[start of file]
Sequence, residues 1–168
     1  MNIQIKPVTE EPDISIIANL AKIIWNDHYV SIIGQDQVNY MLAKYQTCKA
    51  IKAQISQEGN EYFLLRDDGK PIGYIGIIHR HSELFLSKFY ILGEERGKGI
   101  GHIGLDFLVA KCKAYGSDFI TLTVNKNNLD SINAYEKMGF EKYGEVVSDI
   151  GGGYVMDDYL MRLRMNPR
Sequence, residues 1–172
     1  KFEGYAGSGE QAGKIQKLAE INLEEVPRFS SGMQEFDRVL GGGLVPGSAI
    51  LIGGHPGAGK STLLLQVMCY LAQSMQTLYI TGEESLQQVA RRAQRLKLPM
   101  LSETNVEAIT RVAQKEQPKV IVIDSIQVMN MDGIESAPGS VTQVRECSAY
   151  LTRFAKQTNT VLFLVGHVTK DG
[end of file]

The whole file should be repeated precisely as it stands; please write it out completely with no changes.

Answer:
Sequence, residues 1–168
     1  MNIQIKPVTE EPDISIIANL AKIIWNDHYV SIIGQDQVNY MLAKYQTCKA
    51  IKAQISQEGN EYFLLRDDGK PIGYIGIIHR HSELFLSKFY ILGEERGKGI
   101  GHIGLDFLVA KCKAYGSDFI TLTVNKNNLD SINAYEKMGF EKYGEVVSDI
   151  GGGYVMDDYL MRLRMNPR
Sequence, residues 1–172
     1  KFEGYAGSGE QAGKIQKLAE INLEEVPRFS SGMQEFDRVL GGGLVPGSAI
    51  LIGGHPGAGK STLLLQVMCY LAQSMQTLYI TGEESLQQVA RRAQRLKLPM
   101  LSETNVEAIT RVAQKEQPKV IVIDSIQVMN MDGIESAPGS VTQVRECSAY
   151  LTRFAKQTNT VLFLVGHVTK DG